Despite widespread backlash and claims that he was perpetuating “Jewface,” the necessity of wearing an enlarged prosthetic to play legendary composer Leonard Bernstein was as plain to Bradley Cooper as the nose on his face.
Three months after the first trailer for Cooper’s upcoming biopic Maestro initially revealed the nose—and the controversy surrounding it—the multi-hyphenate is breaking his silence about the whole thing. “My nose is very similar to Lenny’s, actually, so the prosthetic is actually like a silk sheet,” Cooper said on today’s episode of CBS Mornings. “I thought, ‘Maybe we don’t need to do it because we could take down time of prep,’ but it’s all about balance, and, you know, my lips are nothing like Lenny’s, and my chin. And so we had that, and it just didn’t look right [without the prosthetic].”
“We just had to do it, otherwise I wouldn’t believe he’s a human being,” Cooper concluded.
In the wake of the backlash, multiple groups including Bernstein’s own children rushed to Cooper’s defense, an act the actor and director called “very moving.” “It happens to be true that Leonard Bernstein had a nice, big nose. Bradley chose to use makeup to amplify his resemblance, and we’re perfectly fine with that. We’re also certain that our dad would have been fine with it as well,” the family wrote. The Anti-Defamation League also weighed in, writing (via The Hollywood Reporter), “Throughout history, Jews were often portrayed in antisemitic films and propaganda as evil caricatures with large, hooked noses. This film, which is a biopic on the legendary conductor Leonard Bernstein, is not that.”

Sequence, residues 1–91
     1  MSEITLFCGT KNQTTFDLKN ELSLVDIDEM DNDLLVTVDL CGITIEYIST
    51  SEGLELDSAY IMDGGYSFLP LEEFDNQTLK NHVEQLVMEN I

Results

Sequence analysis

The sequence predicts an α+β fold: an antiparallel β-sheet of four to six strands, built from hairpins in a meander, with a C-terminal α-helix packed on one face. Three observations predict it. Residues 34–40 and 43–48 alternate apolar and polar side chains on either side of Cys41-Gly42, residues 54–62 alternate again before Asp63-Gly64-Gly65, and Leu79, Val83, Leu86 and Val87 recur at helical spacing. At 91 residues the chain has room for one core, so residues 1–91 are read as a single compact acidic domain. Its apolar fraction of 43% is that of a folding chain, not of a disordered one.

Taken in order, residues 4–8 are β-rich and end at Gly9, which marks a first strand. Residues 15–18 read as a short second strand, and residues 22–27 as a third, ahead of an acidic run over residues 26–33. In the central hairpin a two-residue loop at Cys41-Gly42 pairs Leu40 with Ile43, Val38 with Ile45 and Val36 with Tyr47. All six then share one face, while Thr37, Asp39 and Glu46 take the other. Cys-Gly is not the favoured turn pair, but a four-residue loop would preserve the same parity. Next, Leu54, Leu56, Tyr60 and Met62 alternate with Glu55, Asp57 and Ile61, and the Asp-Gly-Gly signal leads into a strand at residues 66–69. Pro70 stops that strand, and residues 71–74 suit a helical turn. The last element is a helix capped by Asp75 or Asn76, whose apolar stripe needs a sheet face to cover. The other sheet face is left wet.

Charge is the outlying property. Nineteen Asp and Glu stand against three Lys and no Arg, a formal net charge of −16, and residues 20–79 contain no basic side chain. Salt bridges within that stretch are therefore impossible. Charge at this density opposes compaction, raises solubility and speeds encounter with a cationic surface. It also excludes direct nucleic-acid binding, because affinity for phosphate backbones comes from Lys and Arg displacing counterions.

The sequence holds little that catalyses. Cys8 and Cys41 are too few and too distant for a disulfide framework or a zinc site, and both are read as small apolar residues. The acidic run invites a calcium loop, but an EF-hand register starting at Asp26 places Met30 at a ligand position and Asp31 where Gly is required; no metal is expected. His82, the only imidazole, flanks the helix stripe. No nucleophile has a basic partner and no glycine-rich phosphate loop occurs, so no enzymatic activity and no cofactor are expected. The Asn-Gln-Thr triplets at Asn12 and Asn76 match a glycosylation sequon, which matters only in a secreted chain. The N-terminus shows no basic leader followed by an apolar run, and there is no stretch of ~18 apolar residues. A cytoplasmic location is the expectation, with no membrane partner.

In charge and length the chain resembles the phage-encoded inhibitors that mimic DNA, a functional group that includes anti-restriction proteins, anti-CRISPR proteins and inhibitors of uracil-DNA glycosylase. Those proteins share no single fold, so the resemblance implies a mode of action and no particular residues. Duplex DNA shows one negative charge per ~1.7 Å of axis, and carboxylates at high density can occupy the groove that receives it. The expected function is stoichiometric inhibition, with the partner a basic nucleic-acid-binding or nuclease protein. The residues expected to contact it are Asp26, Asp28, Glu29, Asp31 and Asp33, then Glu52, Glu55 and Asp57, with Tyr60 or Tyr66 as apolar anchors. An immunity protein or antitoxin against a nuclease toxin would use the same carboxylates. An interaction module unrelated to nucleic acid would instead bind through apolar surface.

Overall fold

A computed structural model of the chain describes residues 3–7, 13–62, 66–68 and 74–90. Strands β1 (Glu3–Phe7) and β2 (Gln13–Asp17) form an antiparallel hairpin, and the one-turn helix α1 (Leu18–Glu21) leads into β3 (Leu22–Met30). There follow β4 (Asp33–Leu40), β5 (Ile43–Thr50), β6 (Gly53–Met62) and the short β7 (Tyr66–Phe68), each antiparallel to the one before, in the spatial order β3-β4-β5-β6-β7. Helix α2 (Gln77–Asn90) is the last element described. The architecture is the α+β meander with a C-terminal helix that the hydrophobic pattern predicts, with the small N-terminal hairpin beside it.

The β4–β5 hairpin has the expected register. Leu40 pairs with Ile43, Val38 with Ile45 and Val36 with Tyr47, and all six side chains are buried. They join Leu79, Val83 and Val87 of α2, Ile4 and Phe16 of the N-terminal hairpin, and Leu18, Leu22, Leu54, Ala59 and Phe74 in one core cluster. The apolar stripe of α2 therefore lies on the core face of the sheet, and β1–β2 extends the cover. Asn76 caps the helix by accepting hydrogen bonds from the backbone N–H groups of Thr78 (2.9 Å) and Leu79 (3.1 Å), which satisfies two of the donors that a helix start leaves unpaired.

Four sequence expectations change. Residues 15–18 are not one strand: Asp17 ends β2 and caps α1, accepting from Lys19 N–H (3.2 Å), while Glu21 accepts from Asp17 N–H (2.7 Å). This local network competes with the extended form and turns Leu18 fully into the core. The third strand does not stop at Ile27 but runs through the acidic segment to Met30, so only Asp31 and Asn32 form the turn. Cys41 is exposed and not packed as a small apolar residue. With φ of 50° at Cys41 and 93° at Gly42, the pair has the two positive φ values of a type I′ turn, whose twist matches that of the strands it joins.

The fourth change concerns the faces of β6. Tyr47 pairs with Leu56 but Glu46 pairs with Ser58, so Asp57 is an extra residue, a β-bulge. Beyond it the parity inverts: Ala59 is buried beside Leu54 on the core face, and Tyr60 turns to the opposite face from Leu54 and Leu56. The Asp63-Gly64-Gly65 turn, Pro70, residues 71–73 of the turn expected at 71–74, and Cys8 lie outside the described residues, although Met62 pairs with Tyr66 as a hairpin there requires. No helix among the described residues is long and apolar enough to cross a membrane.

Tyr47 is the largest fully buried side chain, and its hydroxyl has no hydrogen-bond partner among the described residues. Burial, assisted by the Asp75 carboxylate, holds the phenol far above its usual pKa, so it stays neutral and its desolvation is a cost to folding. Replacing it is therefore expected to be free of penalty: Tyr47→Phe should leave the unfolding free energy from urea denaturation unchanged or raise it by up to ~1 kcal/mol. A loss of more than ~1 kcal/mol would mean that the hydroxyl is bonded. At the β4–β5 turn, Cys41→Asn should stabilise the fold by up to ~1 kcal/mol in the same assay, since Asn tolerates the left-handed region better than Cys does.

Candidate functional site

In a recent interview with Variety, the film’s makeup artist Kazu Hiro also expounded on just how intense Cooper’s prosthetic transformation really was. According to the Academy Award-winning artist, Cooper’s regimen did not just include the nose but also fake ears, temples, lips, cheeks, neck, shoulders, hands, and eventually a full body suit as the character ages throughout the film. Hiro even made Cooper custom nose plugs to change the sound of his voice to make it more closely resemble Bernstein’s—or Lenny’s, as both men call him. “We respect Lenny and his look,” Hiro said. “He’s so handsome and talented and an amazing composer and conductor. And when we listen to his music, we think of how he conducted, so it was important to make Bradley as close as possible to Lenny.”
“The truth is, I’ve done this whole project out of love,” Cooper added in the CBS Mornings interview. “It’s so clear to me where I come from.”